Gov't Relations

PAEA Provides Update to SAMHSA Leadership on SUD Response, COVID-19 Impact

By Tyler Smith, MPHAugust 12, 2020

Image: Shutterstock

Ongoing meetings with SAMHSA signal continued federal support for clinical training of PA students.

Earlier this month, PAEA President Howard Straker, EdD, MPH, PA-C, and CEO Mary Jo Bondy, DHEd, MHS, PA-C, traveled to the Rockville headquarters of the Substance Abuse and Mental Health Services Administration (SAMHSA), along with PAEA’s Government Relations team, to meet with Assistant Secretary Elinore McCance-Katz, MD, PhD.

The purpose of the meeting — the Association’s third since 2017 — was to provide the assistant secretary with an update on the progress of PAEA’s SAMHSA-funded initiatives to respond to the substance use disorder epidemic in the United States and to share recently published data related to the impact of COVID-19 on PA education.

Since 2018, PAEA has received funding either as a direct grantee or through a subaward to administer three distinct projects. The first of these, the MAT Waiver Training Initiative, began two years ago and is focused on integrating the training necessary to prescribe buprenorphine for the treatment of opioid use disorder in office-based settings into the curriculum of PA programs. As a result of federal investments through SAMHSA, the percentage of PA programs requiring or offering MAT waiver training has increased from approximately 3 percent in 2018 to more than 70 percent in 2020.

In addition to this project, PAEA has also received additional SAMHSA funding to directly facilitate waiver trainings through the Provider’s Clinical Support System – MAT program and to coordinate the development of a standardized substance use disorder curriculum through the Expansion of Practitioner Education (PRAC-ED) program.

Beyond sharing interim and final outcomes from each of these projects, Straker and Bondy also shared pertinent findings from PAEA’s Rapid Response Report 2 related to the impact of COVID-19 on PA education. Particular findings of note were:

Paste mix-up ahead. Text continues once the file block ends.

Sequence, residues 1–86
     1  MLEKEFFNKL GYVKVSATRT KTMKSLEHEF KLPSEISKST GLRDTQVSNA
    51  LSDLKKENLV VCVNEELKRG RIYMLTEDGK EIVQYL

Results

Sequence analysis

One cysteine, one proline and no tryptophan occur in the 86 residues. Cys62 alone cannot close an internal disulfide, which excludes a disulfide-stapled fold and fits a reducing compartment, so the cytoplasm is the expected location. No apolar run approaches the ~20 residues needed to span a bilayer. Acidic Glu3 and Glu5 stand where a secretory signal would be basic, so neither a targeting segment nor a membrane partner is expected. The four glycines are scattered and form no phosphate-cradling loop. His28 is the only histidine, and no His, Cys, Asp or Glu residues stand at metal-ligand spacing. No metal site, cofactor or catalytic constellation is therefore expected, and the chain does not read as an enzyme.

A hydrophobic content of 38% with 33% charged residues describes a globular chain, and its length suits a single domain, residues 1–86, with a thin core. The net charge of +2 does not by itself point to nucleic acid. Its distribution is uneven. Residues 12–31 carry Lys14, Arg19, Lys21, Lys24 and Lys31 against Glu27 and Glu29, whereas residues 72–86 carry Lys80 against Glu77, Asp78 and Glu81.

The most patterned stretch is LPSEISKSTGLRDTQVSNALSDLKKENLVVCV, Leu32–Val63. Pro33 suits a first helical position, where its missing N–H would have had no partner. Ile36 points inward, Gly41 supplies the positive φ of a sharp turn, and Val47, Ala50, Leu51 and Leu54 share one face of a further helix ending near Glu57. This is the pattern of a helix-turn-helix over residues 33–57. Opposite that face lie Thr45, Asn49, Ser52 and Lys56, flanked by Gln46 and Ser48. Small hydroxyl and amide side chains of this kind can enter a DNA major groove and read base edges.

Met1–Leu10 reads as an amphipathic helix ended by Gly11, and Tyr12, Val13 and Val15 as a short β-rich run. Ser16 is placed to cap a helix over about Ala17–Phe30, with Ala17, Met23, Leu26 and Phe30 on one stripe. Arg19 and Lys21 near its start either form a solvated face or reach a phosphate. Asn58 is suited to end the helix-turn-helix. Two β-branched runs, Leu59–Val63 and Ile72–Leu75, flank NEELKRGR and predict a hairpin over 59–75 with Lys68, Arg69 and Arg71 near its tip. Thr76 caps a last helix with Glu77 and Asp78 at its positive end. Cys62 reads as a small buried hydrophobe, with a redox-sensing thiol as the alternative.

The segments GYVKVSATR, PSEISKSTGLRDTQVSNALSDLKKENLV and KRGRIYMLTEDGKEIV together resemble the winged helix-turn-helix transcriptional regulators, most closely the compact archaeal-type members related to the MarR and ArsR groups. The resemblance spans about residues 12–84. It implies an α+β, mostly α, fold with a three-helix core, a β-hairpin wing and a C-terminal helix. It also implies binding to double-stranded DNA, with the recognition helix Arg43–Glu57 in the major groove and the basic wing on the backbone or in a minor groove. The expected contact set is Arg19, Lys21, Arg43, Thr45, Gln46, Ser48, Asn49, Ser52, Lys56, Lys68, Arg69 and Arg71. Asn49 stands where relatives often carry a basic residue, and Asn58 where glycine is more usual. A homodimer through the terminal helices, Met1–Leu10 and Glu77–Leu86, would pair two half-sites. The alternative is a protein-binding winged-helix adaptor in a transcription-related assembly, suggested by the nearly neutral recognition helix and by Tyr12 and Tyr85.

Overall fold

• More than 55 percent of PA programs report that it is now either harder or much harder to secure clinical rotations in mental and behavioral health for students as a result of COVID-19.
  • A majority of programs — more than 85 precent — indicate that existing clinical sites are now taking fewer students than before the pandemic.
  • More than 75 percent of programs have either delayed the transition of students to the clinical phase, delayed the date of program completion for students, delayed graduation, or delayed matriculation of their next cohort.
  • Just over half of programs — 55 percent — report that students are newly participating in telemedicine appointments as a result of COVID-19.

Following the presentation of this data, McCance-Katz reaffirmed her commitment to publicizing the importance of SAMHSA grantees increasing their clinical training of PA students, particularly through settings such as Certified Community Behavioral Health Clinics.

“We were grateful for the opportunity to share the progress PAEA has made as a result of funding provided by SAMHSA and discuss the important role SAMHSA has to play to restore the capacity of the clinical education system,” said Bondy. “At this challenging time for our programs, federal leadership is critical to ensure our programs can continue to meet the demand for our graduates’ services.”

Tyler Smith, MPH

Tyler is the director of government relations at PAEA. He is responsible for PAEA’s grassroots outreach initiatives and advancing the association’s legislative and regulatory priorities.